Across the likes of the boisterously magnetic Another dawn and the rousingly raucous Man of the score, enterprise and imagination fly from the speakers. The second of the pair is especially compelling with its animated rock ‘n’ roll while the increasingly captivating Can’t find my home is a web of alternative, hard and blues rock which teases with the familiar and refreshes with the individual. Pacini adds his keys to the escapade once again as too in Jewish vagabond which follows, this song a ballad with a lively smoulder and melodic elegance which too just became more magnetic by the minute and play, country borne sighs courtesy of Paolo Giorgi’s peddle guitar adding to the sunshine of the song.

Both songs relish the imagination open in varying degrees within the album, unexpected turns which surprise among more recognisable strains of enterprise and to be found within the closing pair of Don’t stop moving and Just for one day. The excellent first is one of the songs which seems so familiar from start to finish yet only pleasures and recruits keen participation alongside the imagination. The final track is a calm emotively cast ballad; a sunset of melodic and vocal intimation which caresses as potently as it flames around ears.

It is fair to say that the Hogs sound is not one we would naturally be drawn to but Fingerprints is a release we just took too. It is one which also grew in potency and persuasion play by play so worth a good look at we reckon.

Fingerprints is available now through Red Cat Records/7Hard now through most stores.

https://www.facebook.com/hogsband

Pete RingMaster20/05/2018

Copyright RingMaster: MyFreeCopyright

Louis Antoniou – Lonesomeville / I Let The Rain Fall Hard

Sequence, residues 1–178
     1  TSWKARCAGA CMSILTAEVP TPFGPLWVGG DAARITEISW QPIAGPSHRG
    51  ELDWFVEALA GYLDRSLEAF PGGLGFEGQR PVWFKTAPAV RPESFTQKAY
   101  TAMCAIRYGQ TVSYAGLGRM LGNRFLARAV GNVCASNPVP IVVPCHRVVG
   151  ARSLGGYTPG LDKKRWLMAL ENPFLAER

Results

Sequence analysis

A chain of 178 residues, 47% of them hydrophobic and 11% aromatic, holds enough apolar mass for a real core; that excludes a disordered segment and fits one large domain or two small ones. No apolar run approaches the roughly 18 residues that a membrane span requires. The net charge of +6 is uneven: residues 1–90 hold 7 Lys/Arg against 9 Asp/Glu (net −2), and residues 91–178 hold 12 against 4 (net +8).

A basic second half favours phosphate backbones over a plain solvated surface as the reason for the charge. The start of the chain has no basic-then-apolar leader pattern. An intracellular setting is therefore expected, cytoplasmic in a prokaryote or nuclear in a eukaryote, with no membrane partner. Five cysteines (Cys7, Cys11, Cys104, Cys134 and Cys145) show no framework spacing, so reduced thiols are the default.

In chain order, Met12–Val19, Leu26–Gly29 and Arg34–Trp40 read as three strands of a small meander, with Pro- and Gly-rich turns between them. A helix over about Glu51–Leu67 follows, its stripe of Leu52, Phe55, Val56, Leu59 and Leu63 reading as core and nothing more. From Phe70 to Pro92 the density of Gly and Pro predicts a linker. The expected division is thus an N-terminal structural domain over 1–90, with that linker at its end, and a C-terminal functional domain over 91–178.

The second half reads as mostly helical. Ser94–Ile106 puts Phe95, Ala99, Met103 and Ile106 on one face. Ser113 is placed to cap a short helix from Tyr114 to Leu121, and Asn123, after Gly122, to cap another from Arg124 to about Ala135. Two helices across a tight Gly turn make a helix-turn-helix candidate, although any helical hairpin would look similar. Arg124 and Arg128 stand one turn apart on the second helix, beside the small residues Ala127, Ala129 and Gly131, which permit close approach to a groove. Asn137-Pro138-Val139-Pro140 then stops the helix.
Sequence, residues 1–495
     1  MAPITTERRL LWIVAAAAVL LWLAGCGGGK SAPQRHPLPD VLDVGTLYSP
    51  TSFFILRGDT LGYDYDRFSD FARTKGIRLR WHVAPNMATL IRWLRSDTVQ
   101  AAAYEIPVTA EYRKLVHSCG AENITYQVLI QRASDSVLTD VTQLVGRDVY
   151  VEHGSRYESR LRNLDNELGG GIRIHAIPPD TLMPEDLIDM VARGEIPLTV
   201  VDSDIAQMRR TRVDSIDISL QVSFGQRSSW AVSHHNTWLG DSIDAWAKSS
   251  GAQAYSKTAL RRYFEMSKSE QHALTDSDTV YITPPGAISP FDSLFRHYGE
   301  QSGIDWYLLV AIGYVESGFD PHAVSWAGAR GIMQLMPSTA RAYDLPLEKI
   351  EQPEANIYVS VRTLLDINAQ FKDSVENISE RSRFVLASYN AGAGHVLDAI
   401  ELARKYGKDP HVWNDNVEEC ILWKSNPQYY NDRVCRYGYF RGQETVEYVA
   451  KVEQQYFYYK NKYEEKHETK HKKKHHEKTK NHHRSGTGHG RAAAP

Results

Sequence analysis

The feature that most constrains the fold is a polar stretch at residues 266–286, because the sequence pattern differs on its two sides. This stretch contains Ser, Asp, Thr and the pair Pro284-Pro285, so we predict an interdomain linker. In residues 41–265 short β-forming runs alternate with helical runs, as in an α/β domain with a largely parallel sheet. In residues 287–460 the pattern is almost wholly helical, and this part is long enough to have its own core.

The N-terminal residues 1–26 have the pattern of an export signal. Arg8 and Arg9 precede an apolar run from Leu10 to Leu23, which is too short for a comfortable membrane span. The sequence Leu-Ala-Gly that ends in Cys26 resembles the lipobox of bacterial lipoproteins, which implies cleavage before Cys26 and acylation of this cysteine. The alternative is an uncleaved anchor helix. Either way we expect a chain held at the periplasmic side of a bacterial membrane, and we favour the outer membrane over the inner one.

Having already given the year a well-received single in You Ain’t The Girl this past February, British rocker Louis Antoniou brings a two track offering this March to enhance his emerging presence on the national rock scene. It is the union of two individual songs bound in Antoniou’s increasingly distinctive touch, a pair which just lures continued attention of the Londoner.

Planning five singles this year, Antoniou has already earned a potent reputation through his live presence, one sure to be escalated by his songs going by the three unveiled so far this year. Whereas You Ain’t The Girl has a rousing rock pop heart, new offering Lonesomeville embraces the sixties rock ‘n’ roll instincts of the artist which were lurking in the background of its predecessor. The song bounds in with a boisterous stroll, bouncing into view on an eagerly infectious groove and rhythmic shuffle. Antoniou’s tones are just as catchy, their slight twang extra spicing on the bold swagger of rhythms and the tenacious enterprise of the guitar; it all luring eager attention.

https://open.spotify.com/embed/track/1nu3r9zwt617K1O43pdmEb

I Let The Rain Fall Hard embraces a blues rich hue which with the singer’s natural rock ‘n’ roll bent quickly entices ears and appetite. A tale of lost love within a climate of intimacy and melodic melancholy, the song still cannot help strolling along with a vibrant catchy gait which eagerly gets into the natural swing of hips and the shuffle of feet.

Both songs make an ear pleasing next step in the blossoming career of Louis Antoniou with anticipation for the next single alongside.
https://open.spotify.com/embed/track/3fGJNr4l7mFb5DnPEno9Kz

Lonesomeville / I Let The Rain Fall Hard is released March 16th.

https://www.louisantoniou.com/    https://www.facebook.com/Louisantonioumusic/

Pete RingMaster 14/03/2018

Copyright RingMaster: MyFreeCopyright